# Pythagoras Puzzle

• Oct 13th 2010, 08:22 AM
Guffmeister
Pythagoras Puzzle
Hi!

So, I thought of something the other day that my friend once told me when I was in high school. I still remember it, but can't remember what he taught me about it, and can't find anything on Google. I thought I'd post it here to see if anyone had any thoughts.

Basically, imagine you had a square with sides equal to $\displaystyle x$, and you want to travel diagonally from the top left corner of the square, $\displaystyle A$, to the bottom right, $\displaystyle B$.

Now, the shortest route would be to go diagonally, and you can calculate that from Pythagoras' theorem as $\displaystyle \sqrt{2}x$.

Alternatively, you could go across from $\displaystyle A$, to the top right corner, then down to $\displaystyle B$, and will obviously have travelled $\displaystyle 2x$.

Now, instead, imagine going halfway between $\displaystyle A$ and the top right corner, then down to the centre, then across to the centre of the right hand side vertical line, then down to $\displaystyle B$. You'll again have travelled $\displaystyle 2x$. If you then repeated this, but going only a quarter of the way, then down $\displaystyle \frac{1}{4}x$, then across $\displaystyle \frac{1}{4}x$, and so on, you'll again travel $\displaystyle 2x$ towards $\displaystyle B$. If you repeated this to infinity, your path would eventually tend towards the hypotenuse, but the distance you travel would still be $\displaystyle 2x$ according to the pattern I described above, when it should tend towards $\displaystyle \sqrt{2}x$.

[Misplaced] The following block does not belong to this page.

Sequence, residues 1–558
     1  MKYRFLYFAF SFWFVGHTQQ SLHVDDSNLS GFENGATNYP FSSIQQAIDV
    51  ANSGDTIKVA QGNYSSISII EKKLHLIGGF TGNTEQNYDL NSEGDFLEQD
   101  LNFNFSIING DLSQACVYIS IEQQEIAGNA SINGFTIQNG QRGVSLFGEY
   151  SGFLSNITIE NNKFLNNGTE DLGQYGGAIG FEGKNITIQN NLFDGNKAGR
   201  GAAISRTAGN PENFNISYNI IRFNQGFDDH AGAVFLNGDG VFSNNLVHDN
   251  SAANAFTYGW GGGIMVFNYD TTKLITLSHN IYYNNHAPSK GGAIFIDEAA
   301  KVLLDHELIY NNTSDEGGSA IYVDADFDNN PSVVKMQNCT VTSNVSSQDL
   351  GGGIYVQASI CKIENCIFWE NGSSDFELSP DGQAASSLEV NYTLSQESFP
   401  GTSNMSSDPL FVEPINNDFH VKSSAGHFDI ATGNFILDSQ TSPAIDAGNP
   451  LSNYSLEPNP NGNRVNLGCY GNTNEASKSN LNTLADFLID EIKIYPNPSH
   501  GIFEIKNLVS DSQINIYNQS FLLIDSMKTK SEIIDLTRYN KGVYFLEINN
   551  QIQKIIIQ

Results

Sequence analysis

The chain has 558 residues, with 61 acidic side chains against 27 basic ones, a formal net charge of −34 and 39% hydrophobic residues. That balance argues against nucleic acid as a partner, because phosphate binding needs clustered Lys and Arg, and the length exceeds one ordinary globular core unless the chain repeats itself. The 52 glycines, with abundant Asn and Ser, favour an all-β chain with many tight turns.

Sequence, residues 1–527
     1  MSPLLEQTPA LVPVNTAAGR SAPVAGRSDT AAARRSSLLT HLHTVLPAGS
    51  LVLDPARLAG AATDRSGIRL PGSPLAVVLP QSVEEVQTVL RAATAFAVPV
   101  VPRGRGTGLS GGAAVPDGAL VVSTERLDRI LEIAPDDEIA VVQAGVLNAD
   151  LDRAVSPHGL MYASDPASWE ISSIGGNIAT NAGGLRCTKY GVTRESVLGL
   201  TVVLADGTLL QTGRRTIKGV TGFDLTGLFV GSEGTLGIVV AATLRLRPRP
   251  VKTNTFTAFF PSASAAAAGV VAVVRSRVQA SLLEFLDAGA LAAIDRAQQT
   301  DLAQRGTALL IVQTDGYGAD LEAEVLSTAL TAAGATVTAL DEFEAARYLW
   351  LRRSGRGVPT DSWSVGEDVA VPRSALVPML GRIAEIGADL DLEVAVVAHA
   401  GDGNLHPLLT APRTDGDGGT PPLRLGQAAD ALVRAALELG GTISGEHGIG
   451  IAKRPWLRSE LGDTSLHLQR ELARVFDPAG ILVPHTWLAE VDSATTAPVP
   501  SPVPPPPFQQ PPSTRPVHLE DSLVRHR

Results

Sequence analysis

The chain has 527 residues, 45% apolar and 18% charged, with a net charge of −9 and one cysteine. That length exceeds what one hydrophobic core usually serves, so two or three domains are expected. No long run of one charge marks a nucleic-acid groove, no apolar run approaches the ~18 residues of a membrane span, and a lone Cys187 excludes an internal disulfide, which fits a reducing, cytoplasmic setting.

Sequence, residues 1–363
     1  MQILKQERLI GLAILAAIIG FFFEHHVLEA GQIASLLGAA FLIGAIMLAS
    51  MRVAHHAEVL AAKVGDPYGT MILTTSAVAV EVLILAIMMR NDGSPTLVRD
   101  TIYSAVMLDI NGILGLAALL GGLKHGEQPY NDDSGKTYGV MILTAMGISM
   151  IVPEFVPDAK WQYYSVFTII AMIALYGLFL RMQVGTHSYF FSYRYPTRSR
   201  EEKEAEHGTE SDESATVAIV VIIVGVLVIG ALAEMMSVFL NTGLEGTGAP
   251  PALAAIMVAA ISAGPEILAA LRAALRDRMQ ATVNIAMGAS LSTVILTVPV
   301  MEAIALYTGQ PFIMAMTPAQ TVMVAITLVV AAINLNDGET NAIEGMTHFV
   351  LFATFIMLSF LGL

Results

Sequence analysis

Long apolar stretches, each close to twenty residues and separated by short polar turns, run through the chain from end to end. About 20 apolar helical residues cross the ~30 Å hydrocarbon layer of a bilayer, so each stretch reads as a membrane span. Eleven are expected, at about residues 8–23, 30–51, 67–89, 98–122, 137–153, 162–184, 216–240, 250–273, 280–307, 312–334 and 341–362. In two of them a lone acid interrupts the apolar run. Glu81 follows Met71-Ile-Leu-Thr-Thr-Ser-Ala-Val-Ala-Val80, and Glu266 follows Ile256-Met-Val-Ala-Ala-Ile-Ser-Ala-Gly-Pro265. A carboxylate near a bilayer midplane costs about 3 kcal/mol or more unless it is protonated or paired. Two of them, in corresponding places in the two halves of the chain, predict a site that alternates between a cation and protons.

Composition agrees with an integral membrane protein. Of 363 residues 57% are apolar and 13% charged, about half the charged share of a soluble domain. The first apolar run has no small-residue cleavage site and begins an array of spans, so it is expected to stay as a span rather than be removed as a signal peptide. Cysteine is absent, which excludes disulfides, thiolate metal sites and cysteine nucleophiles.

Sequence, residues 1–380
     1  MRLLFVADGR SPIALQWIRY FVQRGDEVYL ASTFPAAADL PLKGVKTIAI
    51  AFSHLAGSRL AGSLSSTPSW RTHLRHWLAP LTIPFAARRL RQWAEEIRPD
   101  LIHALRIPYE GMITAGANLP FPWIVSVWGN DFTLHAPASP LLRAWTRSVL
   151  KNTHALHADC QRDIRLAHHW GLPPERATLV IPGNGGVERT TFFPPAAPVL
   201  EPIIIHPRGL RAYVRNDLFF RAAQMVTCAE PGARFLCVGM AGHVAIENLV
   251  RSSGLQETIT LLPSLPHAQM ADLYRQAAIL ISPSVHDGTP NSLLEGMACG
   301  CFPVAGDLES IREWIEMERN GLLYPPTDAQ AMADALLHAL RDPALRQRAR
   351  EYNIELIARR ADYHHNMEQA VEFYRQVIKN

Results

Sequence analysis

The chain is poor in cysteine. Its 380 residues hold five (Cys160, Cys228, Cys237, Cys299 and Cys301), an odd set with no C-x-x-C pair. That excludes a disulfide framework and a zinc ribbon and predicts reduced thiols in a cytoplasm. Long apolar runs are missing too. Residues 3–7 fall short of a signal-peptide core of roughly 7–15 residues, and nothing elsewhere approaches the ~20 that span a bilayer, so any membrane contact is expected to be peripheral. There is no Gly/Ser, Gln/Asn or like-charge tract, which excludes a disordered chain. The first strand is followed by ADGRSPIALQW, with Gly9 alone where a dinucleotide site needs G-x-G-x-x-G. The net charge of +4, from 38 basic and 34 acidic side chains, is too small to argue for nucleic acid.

I wondered if anyone had any ideas about that. My friend was really really into maths, so it might be a famous problem that people have thought about, but I can't seem to find any information about it.

Thanks.
• Oct 13th 2010, 09:49 AM
It's a very nice example.

The horizontal distance x is divided into n equal parts.
The vertical distance x is also divided into n equal parts.

Hence the distance travelled, for any number of subdivisions n is

$\displaystyle \displaystyle\ n\left(\frac{x}{n}+\frac{x}{n}\right)$

You will always know the distance travelled,
however, if n is very large,
another observer may not spot the divisions for extremely large n
and conclude that the distance travelled is the straight diagonal.
• Oct 13th 2010, 11:55 AM
Traveller
That path is never same as the diagonal. No matter how fine it is made it will never be differentiable.
• Oct 14th 2010, 03:19 AM
Guffmeister
Sure it would! If the path you travel is equal to

$\displaystyle n\left (\frac{2x}{n} \right)$

and $\displaystyle n$ tends towards infinity, then it would become the diagonal. This is the nature of infinity.
• Oct 14th 2010, 03:28 AM
Guffmeister
Actually no, thinking about it. You can also zoom in infinitely and you'd get the same picture of steps. So you're right.

Interesting thing to think about though.